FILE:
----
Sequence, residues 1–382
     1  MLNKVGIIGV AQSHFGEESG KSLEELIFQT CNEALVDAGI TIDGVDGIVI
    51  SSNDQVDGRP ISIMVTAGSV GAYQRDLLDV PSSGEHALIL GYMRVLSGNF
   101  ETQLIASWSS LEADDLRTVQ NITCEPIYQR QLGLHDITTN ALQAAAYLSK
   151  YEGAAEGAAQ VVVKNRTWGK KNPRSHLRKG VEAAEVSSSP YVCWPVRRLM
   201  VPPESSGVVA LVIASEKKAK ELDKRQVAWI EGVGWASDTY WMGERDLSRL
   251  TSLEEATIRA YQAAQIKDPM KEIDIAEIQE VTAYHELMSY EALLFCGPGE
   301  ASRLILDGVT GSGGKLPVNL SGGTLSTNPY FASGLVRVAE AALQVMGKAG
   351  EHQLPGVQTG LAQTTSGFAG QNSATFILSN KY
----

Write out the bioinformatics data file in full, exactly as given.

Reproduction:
Sequence, residues 1–382
     1  MLNKVGIIGV AQSHFGEESG KSLEELIFQT CNEALVDAGI TIDGVDGIVI
    51  SSNDQVDGRP ISIMVTAGSV GAYQRDLLDV PSSGEHALIL GYMRVLSGNF
   101  ETQLIASWSS LEADDLRTVQ NITCEPIYQR QLGLHDITTN ALQAAAYLSK
   151  YEGAAEGAAQ VVVKNRTWGK KNPRSHLRKG VEAAEVSSSP YVCWPVRRLM
   201  VPPESSGVVA LVIASEKKAK ELDKRQVAWI EGVGWASDTY WMGERDLSRL
   251  TSLEEATIRA YQAAQIKDPM KEIDIAEIQE VTAYHELMSY EALLFCGPGE
   301  ASRLILDGVT GSGGKLPVNL SGGTLSTNPY FASGLVRVAE AALQVMGKAG
   351  EHQLPGVQTG LAQTTSGFAG QNSATFILSN KY